Date of Award

Summer 8-2023

Document Type


Degree Name

Doctor of Philosophy (PhD)



First Advisor

Keith E. Howard, Ph.D., Chair

Second Advisor

Peter McLaren, Ph.D.

Third Advisor

Whitney McIntyre Miller, Ph.D.

Fourth Advisor

Stephen R. D. Glass, Ed.D.


There is substantial evidence that issues of race and racism and are common in U.S. public schools, especially those greatly impacted by poverty and racial segregation. Unfortunately, it is highly likely many of these occurrences either go unrecognized, unacknowledged, or are perpetrated unknowingly by White educators and administrators—many of whom are well-intentioned, but lack the critical lens necessary in challenging and dismantling them. For White people, the enculturating normativity of White racial dominance, maintained by the social conditioning of Whiteness, facilitates an environment of racial ignorance and insignificance, leaving most painfully oblivious to the damaging complexities of racism in contemporary American society. The purpose of this qualitative study is to illuminate the perceptions and experiences of selected White school leaders who have committed themselves to (a) antiracist school leadership identity development, and (b) the promotion of racially-just school cultures. Responses to semi-structured interview questions were coded, analyzed, and organized into themes to generate an educational leadership theory. Constructivist grounded theory (CGT) methodologies, critical race theory (CRT), critical whiteness studies (CWS), and critical pedagogy (CP) informed the data collection methods and theoretical foundations of this study. Findings revealed a need to reexamine and revise existing antiracist education psychology and pedagogy with an emphasis on cohesion and clarity of purpose. This study contributes new knowledge and insight into the struggle to successfully implement effective, sustainable antiracist school efforts capable of establishing and normalizing racial equity in public education.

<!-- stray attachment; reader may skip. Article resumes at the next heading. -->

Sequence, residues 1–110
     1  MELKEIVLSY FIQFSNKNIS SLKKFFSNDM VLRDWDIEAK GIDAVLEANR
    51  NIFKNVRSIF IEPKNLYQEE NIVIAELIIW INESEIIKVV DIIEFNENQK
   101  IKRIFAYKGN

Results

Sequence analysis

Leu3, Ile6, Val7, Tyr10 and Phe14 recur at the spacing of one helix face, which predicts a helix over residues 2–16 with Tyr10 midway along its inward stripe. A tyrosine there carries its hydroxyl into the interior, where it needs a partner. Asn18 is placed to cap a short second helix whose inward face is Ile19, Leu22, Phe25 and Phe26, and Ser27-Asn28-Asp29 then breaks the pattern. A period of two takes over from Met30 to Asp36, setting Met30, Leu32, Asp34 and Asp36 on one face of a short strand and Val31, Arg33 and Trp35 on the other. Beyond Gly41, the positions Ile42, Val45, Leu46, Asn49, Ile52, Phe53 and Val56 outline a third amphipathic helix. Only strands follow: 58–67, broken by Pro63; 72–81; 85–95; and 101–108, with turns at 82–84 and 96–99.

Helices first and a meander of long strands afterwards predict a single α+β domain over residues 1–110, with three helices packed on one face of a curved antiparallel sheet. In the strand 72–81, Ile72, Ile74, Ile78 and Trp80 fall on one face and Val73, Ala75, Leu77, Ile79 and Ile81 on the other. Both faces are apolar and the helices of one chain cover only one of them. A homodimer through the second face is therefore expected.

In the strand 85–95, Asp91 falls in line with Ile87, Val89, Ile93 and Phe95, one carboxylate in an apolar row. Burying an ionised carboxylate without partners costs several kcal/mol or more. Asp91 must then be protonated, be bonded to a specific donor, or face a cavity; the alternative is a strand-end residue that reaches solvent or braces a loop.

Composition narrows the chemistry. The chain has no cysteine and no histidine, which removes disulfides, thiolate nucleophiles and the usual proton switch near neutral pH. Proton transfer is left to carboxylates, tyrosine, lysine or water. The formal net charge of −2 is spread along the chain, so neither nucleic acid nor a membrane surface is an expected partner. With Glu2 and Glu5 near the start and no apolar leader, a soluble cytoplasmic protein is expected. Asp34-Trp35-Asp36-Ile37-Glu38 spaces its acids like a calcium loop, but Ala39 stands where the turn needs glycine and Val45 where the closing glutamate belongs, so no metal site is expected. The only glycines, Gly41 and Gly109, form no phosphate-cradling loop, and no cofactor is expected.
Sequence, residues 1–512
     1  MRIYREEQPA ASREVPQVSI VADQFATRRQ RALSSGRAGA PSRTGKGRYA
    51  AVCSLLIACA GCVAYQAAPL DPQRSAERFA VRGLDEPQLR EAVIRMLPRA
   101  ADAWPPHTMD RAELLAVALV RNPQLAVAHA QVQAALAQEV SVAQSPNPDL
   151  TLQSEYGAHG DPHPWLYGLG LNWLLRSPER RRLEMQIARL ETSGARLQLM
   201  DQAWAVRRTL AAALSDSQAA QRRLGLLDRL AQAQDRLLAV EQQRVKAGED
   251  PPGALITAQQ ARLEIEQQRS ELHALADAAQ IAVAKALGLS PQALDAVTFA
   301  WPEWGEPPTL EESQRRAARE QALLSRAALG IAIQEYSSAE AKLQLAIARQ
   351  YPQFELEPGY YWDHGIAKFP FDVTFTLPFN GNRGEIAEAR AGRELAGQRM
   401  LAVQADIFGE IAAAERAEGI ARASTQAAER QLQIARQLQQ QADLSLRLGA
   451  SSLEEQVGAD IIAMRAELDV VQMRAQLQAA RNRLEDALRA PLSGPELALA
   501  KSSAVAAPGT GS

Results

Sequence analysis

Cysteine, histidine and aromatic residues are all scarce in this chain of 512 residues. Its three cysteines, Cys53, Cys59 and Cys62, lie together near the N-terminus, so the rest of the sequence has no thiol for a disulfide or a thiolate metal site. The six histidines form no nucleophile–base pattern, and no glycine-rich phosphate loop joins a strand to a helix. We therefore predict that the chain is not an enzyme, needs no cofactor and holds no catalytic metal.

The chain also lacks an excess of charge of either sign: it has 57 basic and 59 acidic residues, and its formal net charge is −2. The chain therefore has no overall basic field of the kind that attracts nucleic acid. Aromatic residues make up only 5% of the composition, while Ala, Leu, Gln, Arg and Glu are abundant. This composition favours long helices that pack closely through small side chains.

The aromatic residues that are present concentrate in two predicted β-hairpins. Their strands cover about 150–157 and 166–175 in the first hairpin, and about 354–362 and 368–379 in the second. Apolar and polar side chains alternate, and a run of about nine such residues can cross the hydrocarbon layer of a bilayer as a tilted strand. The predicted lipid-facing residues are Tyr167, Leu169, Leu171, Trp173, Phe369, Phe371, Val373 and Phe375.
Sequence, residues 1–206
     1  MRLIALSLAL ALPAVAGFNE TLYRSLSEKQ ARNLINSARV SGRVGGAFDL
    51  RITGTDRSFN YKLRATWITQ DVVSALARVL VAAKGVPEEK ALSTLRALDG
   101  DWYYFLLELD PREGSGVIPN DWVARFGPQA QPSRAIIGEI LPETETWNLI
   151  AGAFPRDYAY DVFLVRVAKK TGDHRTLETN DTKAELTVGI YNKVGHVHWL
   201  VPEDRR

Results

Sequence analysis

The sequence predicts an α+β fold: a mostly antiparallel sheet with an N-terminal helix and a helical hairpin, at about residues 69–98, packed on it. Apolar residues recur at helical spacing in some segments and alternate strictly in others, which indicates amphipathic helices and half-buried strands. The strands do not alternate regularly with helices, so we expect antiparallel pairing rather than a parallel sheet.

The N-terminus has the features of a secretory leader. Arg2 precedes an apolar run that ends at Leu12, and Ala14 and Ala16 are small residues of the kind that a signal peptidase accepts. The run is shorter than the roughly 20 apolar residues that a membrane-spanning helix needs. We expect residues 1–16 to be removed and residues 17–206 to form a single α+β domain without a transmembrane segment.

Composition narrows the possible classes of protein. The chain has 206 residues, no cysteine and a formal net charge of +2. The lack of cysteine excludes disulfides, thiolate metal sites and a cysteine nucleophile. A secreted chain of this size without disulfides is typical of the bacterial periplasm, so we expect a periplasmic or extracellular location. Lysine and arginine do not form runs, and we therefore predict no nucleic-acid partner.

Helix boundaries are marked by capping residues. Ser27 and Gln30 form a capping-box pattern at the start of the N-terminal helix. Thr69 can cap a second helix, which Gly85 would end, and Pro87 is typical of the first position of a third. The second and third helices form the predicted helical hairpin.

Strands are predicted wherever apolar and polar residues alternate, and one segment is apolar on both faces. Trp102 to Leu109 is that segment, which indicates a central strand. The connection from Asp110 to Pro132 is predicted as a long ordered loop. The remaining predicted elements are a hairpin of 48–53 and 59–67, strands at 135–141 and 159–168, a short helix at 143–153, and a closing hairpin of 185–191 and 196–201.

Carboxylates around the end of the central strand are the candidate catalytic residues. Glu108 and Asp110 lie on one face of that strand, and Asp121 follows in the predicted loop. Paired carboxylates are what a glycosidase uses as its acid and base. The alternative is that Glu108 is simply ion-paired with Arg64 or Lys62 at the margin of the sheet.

Creative Commons License

Creative Commons License
This work is licensed under a Creative Commons Attribution-Noncommercial-No Derivative Works 4.0 License.



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